The comedy, “Smells Like Community Spirit,” was one of 10 feature films accepted into the festival, which accepted a total of 56 feature and short films out of 400 submissions. It will be screened at 2:30 p.m. at the Clifton Center.

The film follows Oliver Stanton on a journey of entrepreneurship: he left corporate American and bought a bowling alley in the tiny town of Scarberry, Ohio, only to learn retail giant Mega Value Mart planned to open a new store in the middle of the town’s park. Ashland native Joe Body, who wrote and directed the movie “Hitting the Nuts,” appears in Stambaugh’s movie.

Stambaugh, a graduate of Ohio University Southern, has produced 72 episodes of the award winning program "The Zone" music video show. He has acted as producer, production manager, first assistant director and editor on Boyd’s movie as well as the feature films “Fenced Off” and “A Strange Brand of Happy” starring Grammy winner Rebecca St. James and Academy Award winner Shirley Jones.

“A few years ago, I had the opportunity where I thought I might be able to write or direct a feature myself,” he said, explaining he took advantage of that opportunity by getting some friends in the film-making business to help him shoot it in a couple of weeks.

Boyd and buddy Brad Wise raised $2,000 for the shoestring shoot.

“We looked at it like an experience to see what we could accomplish in a short amount of time and few resources,” he said. “Our goal was to get enough material that wasn’t horrible.”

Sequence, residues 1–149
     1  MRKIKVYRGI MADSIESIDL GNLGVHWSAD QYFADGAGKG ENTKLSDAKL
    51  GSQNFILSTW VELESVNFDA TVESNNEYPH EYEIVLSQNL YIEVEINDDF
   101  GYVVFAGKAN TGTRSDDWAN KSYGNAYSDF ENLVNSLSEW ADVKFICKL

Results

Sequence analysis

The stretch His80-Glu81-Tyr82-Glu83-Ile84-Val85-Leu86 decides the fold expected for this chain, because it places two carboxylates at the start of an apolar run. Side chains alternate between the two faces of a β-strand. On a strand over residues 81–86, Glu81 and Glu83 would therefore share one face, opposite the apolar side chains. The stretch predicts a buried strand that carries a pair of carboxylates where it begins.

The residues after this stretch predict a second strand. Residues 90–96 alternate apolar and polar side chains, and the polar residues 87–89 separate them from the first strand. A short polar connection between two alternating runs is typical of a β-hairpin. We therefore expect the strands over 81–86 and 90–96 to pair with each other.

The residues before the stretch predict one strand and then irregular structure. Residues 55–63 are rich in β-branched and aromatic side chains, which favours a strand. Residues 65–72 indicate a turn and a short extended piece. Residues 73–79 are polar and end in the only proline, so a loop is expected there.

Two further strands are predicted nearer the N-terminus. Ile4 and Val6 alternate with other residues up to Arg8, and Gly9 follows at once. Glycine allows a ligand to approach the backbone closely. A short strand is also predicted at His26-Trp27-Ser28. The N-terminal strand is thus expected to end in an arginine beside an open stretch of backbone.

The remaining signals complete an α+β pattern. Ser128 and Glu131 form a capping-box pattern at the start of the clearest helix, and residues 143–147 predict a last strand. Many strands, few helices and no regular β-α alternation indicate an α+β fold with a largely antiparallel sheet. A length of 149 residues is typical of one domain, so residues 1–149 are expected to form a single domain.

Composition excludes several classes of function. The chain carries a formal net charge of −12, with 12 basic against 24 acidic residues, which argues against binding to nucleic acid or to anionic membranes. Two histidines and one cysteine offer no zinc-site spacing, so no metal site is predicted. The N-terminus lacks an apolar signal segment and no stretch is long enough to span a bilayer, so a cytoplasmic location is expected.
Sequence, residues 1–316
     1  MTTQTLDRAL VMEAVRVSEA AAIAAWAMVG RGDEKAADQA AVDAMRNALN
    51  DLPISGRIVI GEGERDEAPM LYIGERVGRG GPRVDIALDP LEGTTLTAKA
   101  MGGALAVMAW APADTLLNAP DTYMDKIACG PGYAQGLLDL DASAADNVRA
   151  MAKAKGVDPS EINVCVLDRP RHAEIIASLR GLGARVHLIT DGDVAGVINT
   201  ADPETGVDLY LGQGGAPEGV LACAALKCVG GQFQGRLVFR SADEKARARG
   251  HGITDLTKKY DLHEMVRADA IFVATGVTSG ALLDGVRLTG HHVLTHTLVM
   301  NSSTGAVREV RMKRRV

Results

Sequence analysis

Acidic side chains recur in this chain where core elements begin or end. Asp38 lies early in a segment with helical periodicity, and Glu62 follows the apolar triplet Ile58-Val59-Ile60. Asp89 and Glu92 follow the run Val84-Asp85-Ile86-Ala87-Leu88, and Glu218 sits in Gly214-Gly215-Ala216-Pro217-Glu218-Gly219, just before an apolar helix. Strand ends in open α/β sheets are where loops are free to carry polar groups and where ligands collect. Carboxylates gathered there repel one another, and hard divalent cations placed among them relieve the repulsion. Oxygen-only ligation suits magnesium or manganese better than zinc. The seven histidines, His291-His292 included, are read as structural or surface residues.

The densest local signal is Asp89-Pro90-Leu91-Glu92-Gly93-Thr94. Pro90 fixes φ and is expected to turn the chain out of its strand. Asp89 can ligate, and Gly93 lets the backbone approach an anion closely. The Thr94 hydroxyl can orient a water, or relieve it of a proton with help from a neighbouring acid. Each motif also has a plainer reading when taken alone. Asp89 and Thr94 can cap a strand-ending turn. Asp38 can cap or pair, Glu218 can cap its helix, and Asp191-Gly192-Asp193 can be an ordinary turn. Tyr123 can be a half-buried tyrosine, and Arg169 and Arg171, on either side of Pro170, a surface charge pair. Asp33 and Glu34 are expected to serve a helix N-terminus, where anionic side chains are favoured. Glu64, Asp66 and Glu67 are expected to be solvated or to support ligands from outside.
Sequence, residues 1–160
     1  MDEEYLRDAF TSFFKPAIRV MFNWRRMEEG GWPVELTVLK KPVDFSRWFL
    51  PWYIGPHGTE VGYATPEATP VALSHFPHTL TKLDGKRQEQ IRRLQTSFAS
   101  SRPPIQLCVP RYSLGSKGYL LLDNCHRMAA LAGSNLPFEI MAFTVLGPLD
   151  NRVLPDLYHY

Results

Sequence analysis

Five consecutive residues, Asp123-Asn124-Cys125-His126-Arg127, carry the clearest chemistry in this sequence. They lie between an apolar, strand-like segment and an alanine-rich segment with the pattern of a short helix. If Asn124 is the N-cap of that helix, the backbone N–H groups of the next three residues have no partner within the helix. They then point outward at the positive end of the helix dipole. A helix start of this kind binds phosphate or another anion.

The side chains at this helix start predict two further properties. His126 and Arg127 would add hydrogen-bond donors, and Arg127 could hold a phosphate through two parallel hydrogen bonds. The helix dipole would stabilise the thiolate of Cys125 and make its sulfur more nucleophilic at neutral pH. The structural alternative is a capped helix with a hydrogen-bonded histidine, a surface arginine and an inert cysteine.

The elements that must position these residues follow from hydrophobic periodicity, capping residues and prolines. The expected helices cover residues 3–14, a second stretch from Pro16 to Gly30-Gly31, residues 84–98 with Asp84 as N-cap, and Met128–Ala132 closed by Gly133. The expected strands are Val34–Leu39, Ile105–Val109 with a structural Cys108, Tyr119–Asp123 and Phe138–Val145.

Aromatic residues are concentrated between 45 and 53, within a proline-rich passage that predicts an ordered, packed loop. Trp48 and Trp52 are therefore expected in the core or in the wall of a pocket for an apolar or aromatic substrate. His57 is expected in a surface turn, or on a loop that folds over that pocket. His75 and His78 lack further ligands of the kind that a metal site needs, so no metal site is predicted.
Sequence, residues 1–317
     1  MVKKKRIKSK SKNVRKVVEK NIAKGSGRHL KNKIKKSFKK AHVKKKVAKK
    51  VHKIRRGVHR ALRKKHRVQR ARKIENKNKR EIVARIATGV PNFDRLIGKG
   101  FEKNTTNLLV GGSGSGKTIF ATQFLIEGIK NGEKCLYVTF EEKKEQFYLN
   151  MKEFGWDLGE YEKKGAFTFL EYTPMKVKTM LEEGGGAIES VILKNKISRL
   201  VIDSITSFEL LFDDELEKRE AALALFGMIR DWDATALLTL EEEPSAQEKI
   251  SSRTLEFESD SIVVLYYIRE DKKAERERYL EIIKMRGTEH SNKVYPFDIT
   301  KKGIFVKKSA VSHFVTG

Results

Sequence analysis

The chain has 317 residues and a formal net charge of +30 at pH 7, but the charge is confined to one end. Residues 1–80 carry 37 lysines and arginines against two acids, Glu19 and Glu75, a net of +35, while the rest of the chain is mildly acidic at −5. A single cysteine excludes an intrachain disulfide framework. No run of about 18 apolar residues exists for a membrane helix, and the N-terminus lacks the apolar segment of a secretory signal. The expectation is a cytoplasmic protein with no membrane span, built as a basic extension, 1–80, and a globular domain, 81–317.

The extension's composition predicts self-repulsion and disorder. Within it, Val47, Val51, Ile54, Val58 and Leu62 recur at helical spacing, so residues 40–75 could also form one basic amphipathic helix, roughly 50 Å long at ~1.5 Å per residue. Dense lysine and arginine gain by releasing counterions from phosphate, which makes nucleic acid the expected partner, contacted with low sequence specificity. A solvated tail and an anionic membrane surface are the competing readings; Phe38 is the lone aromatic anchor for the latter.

He said it turned out much better than expected and he was proud of the end result, so he submitted it to the Cincinnati Film Festival. The film wasn’t selected, he made some changes and then it was accepted into the Derby City Film Festival. He’s awaiting word about the Wet Your Pants Comedy Festival in Indianapolis.

This weekend, “Smells Like Community Spirit” isn’t a finalist for an award, Stambaugh said, but will be eligible for an audience award, which is based on attendance and ratings from the audience during the festival. He will find out Monday if the film received an audience award.

“I’ve heard from a lot of family and friends in Ashland and Cincinnati who are going to be there,” he said.

Don Moore, assistant professor and director of electronic media at OUS, said Stambaugh was fully prepared for movie making when he arrived as a student there.

“What words come to mind when I think of Isaac — creativity, innovation and leadership,” Moore said. “He was an excellent student and person and he opened the door for several of our students to assist on the production. Plans are under way now for a premier to be held here on campus of this current film with portions of the proceeds coming back into the electronic media program, and for that we are truly grateful.”

For more information, visit

Friday, February 17, 2012